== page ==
-Chapter X. The Guest-Room
HOW do you like it? asked Mary, as they sat down in the furniture department at McHarg's. Like what? responded Harriet, whose mind was still on the gown that the modiste had failed to fit to he...
-The Guest-Room. Continued
Mary interrupted. For my guest-room I want white enameled furniture, with cretonne draperies and upholstery; but I simply cannot pay any such prices. The salesman smiled. Mary grew indignant. Ha...
-Chapter XI. The Bathroom
JACK, it is perfectly lovely, said Mary inspecting for the first time the owner's bathroom in the house that Jack built. It was with fear and trembling that Jack had ventured to take entire charge o...
-The Bathroom. Continued
One hundred and seventy-six dollars, responded Jack. Oh, Jack, said Mary, that is a terrible price. I saw one six feet long for $40 yesterday in a shop on Sixth Avenue. There are bath tub...
-Chapter XII. The Kitchen
AFTER all, said Jack, as they rose from the luncheon table, the kitchen is the most vital part. Unless it is well equipped and efficiently manned - or rather womanned as is customary in the home of...
-The Kitchen. Part 2
Here comes Delia, now, said Mary, as the kitchen door opened. Delia, Mr. Jack was just telling how I cured you of indigestion. Indade you did, mom, said Delia. If it hadn't been for you, I'd...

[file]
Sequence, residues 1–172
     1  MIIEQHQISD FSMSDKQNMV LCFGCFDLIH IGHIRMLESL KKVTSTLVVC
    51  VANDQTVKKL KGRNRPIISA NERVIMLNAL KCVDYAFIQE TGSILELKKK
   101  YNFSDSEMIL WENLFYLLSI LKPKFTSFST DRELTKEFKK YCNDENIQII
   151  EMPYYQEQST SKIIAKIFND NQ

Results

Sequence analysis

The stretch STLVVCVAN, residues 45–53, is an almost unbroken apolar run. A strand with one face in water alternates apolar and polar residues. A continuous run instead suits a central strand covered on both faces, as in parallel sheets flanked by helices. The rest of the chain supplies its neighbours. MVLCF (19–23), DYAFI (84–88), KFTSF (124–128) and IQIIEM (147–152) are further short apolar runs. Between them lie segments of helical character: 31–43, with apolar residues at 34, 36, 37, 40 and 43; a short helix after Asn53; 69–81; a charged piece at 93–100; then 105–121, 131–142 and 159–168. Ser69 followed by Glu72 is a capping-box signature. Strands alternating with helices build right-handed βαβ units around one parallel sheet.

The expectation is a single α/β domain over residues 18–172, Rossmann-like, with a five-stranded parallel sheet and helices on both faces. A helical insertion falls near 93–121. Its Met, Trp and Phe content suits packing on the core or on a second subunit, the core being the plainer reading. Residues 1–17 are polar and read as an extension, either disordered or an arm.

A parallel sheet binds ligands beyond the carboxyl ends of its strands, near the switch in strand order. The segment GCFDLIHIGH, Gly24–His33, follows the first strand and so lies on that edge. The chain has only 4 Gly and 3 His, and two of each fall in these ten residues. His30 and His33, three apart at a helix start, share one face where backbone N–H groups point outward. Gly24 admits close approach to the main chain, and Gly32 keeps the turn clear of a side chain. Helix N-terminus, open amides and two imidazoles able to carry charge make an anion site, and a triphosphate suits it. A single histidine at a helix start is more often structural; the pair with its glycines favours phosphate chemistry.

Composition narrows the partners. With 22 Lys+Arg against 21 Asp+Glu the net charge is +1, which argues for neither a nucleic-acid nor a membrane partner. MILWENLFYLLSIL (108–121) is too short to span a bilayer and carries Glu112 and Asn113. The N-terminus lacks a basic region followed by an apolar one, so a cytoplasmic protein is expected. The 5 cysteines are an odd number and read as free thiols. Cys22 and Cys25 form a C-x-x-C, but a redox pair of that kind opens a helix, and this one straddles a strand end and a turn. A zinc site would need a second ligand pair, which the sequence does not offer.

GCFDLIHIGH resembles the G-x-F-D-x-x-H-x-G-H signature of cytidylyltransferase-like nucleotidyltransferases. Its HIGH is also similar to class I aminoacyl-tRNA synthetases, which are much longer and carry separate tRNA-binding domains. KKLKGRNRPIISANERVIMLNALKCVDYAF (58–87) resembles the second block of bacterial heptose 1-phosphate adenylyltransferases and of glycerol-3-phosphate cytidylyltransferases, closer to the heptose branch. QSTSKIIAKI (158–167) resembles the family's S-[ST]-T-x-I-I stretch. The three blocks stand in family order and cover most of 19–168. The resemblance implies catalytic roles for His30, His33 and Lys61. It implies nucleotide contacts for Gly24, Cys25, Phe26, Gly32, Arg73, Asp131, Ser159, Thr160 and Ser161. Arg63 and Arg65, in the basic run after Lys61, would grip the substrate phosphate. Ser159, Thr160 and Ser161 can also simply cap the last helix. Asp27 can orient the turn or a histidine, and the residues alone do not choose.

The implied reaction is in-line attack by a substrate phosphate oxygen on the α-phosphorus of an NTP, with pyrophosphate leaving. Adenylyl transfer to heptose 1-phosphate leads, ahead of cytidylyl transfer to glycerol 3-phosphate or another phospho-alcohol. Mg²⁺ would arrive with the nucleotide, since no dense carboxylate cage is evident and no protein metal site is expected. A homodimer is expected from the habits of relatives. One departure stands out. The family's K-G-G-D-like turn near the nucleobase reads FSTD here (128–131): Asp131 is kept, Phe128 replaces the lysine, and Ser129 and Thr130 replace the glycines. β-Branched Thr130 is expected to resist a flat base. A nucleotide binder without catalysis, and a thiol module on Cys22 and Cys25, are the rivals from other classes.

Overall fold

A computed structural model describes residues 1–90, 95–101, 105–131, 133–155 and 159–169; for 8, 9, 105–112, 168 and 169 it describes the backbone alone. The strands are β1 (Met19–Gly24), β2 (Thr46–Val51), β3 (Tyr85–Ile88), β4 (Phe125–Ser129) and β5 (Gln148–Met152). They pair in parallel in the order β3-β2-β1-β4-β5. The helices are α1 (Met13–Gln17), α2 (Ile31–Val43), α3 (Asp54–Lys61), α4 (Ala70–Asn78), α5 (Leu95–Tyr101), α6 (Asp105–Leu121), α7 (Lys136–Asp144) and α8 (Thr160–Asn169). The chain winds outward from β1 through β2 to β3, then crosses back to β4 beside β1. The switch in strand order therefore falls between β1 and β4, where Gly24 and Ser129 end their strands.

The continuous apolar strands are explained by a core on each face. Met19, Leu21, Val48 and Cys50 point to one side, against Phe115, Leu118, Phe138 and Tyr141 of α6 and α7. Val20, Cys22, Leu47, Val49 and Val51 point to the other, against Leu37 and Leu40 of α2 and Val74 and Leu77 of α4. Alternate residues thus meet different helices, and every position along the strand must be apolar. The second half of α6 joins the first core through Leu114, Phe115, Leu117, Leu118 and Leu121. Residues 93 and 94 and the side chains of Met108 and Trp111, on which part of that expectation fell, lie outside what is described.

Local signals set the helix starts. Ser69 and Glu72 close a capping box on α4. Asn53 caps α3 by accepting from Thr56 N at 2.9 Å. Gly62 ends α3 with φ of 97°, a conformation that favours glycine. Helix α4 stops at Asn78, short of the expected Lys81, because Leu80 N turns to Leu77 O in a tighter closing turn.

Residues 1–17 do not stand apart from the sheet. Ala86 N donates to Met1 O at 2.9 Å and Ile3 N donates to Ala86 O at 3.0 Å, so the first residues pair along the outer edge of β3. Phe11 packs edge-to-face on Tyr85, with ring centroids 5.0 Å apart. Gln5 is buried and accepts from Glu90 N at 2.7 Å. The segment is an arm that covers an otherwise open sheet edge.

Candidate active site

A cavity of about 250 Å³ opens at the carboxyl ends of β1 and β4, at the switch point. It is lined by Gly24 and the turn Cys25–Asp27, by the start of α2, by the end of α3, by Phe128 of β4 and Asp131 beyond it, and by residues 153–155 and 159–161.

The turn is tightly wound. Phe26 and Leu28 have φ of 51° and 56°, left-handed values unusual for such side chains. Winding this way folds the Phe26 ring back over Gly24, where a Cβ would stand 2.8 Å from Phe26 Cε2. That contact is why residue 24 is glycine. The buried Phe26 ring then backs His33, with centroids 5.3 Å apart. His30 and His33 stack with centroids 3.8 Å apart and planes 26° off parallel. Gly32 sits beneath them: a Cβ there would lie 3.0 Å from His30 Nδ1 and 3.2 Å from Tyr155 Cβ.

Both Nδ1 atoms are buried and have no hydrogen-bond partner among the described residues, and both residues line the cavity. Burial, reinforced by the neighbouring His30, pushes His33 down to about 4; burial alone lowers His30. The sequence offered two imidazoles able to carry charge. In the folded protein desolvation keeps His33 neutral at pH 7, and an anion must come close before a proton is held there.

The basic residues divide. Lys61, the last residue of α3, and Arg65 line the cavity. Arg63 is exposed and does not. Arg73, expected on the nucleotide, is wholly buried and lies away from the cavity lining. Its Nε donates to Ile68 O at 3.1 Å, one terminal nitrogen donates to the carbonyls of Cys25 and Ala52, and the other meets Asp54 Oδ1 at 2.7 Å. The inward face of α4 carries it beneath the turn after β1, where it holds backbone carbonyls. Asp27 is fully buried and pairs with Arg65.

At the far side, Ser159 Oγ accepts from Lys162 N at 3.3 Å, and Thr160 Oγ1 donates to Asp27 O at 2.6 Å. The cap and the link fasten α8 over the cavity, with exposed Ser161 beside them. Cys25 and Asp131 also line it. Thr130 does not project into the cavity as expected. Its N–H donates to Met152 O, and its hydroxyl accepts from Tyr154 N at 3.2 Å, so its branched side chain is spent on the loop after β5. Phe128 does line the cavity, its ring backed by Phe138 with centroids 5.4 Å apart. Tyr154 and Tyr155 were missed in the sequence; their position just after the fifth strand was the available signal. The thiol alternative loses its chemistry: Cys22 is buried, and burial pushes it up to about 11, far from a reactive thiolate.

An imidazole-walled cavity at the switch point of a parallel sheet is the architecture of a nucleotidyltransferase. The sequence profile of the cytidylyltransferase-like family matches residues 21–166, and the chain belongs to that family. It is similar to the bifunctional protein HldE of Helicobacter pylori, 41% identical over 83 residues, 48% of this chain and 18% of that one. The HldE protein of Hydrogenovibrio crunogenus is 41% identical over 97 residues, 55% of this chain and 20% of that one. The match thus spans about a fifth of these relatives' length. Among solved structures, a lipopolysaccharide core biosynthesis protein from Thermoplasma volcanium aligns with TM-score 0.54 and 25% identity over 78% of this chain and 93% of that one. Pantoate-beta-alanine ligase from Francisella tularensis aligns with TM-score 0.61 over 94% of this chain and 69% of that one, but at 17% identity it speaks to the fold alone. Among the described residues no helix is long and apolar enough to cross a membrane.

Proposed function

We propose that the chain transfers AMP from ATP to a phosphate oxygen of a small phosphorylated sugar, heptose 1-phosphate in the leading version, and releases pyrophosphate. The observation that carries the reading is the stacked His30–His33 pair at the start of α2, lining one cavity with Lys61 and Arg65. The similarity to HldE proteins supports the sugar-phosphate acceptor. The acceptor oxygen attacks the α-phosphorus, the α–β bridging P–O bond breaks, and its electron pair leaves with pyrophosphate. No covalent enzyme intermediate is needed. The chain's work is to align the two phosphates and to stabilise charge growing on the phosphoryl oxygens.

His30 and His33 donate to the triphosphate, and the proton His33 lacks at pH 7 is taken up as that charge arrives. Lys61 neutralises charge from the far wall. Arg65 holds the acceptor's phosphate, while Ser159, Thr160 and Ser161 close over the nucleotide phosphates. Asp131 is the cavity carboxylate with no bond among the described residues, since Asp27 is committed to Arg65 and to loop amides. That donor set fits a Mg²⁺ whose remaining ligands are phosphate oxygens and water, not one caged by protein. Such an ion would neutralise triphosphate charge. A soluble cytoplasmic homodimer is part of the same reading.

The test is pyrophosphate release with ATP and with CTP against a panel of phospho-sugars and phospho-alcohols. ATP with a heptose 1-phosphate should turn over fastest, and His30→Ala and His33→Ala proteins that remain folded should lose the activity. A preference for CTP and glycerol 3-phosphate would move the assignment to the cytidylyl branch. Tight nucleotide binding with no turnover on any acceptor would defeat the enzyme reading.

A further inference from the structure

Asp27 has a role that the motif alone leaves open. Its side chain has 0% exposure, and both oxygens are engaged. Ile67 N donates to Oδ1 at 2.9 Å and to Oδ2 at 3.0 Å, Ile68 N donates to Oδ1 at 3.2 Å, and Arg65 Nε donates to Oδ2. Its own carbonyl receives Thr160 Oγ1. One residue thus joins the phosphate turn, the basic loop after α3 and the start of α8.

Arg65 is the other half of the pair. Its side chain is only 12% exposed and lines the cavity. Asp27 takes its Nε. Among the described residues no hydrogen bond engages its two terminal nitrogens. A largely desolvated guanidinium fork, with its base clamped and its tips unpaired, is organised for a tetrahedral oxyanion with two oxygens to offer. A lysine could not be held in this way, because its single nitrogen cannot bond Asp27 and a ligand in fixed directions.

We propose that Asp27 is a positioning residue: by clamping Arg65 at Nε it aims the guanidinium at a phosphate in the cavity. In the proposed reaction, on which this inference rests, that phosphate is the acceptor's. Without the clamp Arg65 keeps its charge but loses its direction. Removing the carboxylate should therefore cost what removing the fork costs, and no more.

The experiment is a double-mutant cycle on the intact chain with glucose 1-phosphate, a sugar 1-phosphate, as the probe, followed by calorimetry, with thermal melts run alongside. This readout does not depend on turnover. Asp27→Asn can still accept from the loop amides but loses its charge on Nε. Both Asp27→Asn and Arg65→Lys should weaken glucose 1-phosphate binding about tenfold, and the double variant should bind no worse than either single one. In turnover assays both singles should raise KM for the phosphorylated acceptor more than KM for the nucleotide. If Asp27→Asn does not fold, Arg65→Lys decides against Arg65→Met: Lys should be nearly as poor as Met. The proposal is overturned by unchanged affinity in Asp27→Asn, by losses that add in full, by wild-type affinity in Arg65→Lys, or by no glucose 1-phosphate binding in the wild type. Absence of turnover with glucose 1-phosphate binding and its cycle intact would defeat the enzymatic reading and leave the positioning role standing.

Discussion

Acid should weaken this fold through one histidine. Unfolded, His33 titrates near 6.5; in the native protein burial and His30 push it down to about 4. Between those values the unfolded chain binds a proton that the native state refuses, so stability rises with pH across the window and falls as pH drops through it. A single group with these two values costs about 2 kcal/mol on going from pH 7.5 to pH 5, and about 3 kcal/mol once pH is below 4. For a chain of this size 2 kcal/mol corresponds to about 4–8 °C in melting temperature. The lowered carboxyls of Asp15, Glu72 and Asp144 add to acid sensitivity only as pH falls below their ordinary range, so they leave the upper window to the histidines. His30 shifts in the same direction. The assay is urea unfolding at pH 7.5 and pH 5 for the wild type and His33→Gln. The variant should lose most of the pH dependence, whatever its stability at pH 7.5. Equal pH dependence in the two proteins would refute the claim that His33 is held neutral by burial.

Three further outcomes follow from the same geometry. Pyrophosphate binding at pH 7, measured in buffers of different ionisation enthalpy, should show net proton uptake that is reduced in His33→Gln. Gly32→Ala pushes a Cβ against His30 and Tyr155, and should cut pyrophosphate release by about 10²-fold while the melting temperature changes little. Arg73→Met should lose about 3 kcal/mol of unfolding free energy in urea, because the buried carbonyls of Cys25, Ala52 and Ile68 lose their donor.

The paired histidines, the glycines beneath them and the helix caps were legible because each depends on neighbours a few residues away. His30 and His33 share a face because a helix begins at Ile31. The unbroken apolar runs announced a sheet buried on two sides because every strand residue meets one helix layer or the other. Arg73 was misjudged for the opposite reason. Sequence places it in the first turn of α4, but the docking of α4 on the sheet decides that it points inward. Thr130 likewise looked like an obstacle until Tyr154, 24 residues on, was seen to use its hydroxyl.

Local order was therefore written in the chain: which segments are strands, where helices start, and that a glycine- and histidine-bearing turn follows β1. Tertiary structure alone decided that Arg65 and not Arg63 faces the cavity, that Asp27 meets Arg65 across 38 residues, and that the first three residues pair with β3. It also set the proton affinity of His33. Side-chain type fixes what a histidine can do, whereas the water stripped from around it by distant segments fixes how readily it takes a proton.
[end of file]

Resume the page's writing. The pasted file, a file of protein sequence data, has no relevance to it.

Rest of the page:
-The Kitchen. Part 3
That doesn't appear to be the attitude of all the gas companies, said Tom. The exhibit at Madison Avenue and Forty-second Street is a wonderful demonstration of what gas can do. Almost too per...
-Chapter XIII. The Servants' Rooms
AT last our dining-room furniture is here, said Mary, as she and Jack welcomed Cousin Tom and Harriet. I can hardly wait for you to see it. It was all carved by hand and made to order. Presentl...
-The Servants' Rooms. Continued
How many servants has he? asked Harriet. Fifteen maids, each with her own outside room, simply but well furnished, all on the third floor, and ten men with rooms on the ground floor that would b...
-Prices Of Some Of The Furnishings
The following prices are the average quoted by three New York dealers, some of which are more and some less than Jack and Tom actually did pay. It must be remembered that the same model made to order ...









TOP
previous page: The Better Homes Manual | by Blanche Halbert
  
page up: Architecture and Construction Books
  
next page: An Architectural And Historical Account Of Crosby Place, London | by Edward L. Blackburn